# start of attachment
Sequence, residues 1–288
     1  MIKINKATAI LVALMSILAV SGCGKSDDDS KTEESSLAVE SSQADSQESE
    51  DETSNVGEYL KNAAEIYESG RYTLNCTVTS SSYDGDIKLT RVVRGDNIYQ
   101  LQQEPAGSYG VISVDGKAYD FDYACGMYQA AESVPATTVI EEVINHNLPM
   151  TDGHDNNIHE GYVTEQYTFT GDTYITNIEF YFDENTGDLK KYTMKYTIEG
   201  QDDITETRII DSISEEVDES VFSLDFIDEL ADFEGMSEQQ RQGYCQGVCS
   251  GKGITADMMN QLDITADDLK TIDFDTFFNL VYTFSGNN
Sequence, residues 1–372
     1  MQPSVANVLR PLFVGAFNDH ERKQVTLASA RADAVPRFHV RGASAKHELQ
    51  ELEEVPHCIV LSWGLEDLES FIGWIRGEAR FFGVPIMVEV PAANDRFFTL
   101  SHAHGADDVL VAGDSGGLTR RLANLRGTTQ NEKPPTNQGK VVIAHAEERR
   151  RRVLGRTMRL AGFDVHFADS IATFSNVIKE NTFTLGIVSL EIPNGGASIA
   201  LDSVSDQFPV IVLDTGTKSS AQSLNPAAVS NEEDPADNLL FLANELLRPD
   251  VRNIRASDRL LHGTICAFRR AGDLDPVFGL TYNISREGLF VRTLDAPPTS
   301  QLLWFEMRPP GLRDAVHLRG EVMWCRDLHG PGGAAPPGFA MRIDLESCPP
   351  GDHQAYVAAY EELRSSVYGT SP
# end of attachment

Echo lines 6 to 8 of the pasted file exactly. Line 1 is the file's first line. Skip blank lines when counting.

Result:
   201  QDDITETRII DSISEEVDES VFSLDFIDEL ADFEGMSEQQ RQGYCQGVCS
   251  GKGITADMMN QLDITADDLK TIDFDTFFNL VYTFSGNN
Sequence, residues 1–372